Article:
If you’ve been convicted of a crime it could carry a lot of consequences. Not all crimes are equal, and some kinds of crimes have special conditions and consequences attached. For instance, a sex offense requires you to register as a sex offender. A violent offence would make you an ineligible candidate for record sealing. This short post will focus on violent crimes.
A violent crime or “an offense of violence” has a very specific definition. Rather than describing it like “causing harm to another” the law lists all the crimes that are considered violent. If a crime isn’t in the list (or a similar municipal ordinance or federal law) then it’s not considered violent. It’s important to note that even if you are found guilty of a conspiracy or attempt to commit any violent offense it still counts as an offense of violence. So, felonious assault and attempted felonious assault are both considered offenses of violence.
It’s very important to understand the charges against you and if you agree to a plea deal, you need to understand the consequences of what you’re pleading to. As an example, if you are charged with a misdemeanor assault that’s an offense of violence. Sometimes your lawyer may negotiate a plea to an attempted assault, which carries lower potential penalties. Your lawyer may also be able to negotiate a plea to a negligent assault, which is not an offense of violence.
There are also certain crimes that may or may not be considered violent depending on the section under which you’re convicted. Burglary is an excellent example. If you’re convicted under section 2911.12(B) it’s not a violent crime, but if you’re convicted under section (A) of that code then it is considered a violent crime. Domestic Violence also has an interesting exception. If you’re convicted under 2919.25 (A) or (B) then you’ve been convicted of an offense of violence. Yet, if you’ve been convicted under section (C), it’s still technically an offense of violence, but the law allows for this kind of conviction to be sealed! Likewise, the law allows you to seal a misdemeanor assault, even though it's an offense of violence.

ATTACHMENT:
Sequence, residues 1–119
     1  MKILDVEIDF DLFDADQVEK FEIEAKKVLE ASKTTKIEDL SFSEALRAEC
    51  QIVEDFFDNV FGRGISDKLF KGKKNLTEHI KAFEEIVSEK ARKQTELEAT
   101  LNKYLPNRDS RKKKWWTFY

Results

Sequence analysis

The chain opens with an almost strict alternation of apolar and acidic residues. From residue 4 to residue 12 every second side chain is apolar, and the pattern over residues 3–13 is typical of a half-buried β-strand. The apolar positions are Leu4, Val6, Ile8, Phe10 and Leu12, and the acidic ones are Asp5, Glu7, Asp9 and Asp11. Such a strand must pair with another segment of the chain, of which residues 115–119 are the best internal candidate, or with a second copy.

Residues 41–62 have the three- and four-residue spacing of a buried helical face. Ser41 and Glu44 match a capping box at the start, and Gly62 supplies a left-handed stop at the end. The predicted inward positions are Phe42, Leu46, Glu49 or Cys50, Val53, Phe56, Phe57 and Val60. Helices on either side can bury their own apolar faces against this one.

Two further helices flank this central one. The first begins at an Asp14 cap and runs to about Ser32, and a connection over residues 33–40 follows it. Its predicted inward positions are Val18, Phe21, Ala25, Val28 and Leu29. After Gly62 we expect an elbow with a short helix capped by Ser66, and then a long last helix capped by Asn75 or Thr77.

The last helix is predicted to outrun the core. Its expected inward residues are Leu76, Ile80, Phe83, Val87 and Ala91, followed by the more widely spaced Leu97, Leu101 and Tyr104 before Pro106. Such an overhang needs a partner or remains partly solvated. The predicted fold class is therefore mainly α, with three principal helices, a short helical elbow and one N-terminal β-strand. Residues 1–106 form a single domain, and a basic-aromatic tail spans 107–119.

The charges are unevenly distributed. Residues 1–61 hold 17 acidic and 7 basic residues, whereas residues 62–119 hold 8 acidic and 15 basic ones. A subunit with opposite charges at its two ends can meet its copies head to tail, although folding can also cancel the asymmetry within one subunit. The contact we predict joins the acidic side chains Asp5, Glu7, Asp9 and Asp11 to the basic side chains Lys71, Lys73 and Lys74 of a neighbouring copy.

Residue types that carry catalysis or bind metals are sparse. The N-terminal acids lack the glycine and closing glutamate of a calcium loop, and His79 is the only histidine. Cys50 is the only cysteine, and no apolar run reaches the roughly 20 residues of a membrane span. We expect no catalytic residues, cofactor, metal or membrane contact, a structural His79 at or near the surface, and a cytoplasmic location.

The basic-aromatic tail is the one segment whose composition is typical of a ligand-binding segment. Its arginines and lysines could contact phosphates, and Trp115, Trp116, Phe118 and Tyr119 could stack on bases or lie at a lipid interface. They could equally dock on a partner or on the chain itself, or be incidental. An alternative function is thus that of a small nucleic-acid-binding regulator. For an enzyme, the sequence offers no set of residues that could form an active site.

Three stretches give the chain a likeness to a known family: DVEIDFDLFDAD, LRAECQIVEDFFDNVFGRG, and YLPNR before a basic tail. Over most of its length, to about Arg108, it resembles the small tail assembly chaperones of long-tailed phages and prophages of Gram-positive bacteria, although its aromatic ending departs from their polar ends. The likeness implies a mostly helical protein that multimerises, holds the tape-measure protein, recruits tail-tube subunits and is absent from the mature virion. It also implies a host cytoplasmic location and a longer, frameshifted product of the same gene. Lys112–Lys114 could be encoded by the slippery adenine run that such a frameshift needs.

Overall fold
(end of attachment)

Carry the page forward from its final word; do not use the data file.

Ohio also maintains a list of certain violent offenders. However, this list is NOT available to the public. It is for law enforcement use only. If you’re required to register as a violent offender, you will be made aware of such a requirement by your judge when you’re convicted.
For easy reference here’s a list of all the “offenses of violence”:
2903.01 Aggravated murder
2903.04 Involuntary manslaughter
2903.11 Felonious assault
2903.12 Aggravated assault
2903.15 Permitting child abuse
2903.21 Aggravated menacing
2903.211 Menacing by stalking
2905.32 Trafficking in persons
2907.03 Sexual battery
2907.05 Gross sexual imposition
2909.02 Aggravated arson
2911.01 Aggravated robbery
2911.11 Aggravated burglary
2917.01 Inciting to violence
2917.02 Aggravated riot
2917.31 Inducing panic
2919.25 Domestic violence
2921.04 Intimidation of attorney, victim or witness in criminal case or delinquent child proceeding 2921.34 Escape
2923.161 Improperly discharging firearm
2903.34(A)(1) Patient abuse
2911.12(A)(1), (2), or (3) Burglary
2919.22(B)(1), (2), (3), or (4) Endangering children where abuse, torture, excessive or unwarranted physical discipline is alleged former
2907.12 Felonious sexual penetration
Remember that a conspiracy or attempt to commit any of these offenses is still considered a violent offense. Also, any violation of a municipal ordinance, or a federal law, similar to any of these offences is considered an offence of violence.
If you’ve been charged or convicted of a violent crime contact an attorney to discuss its consequences and your options.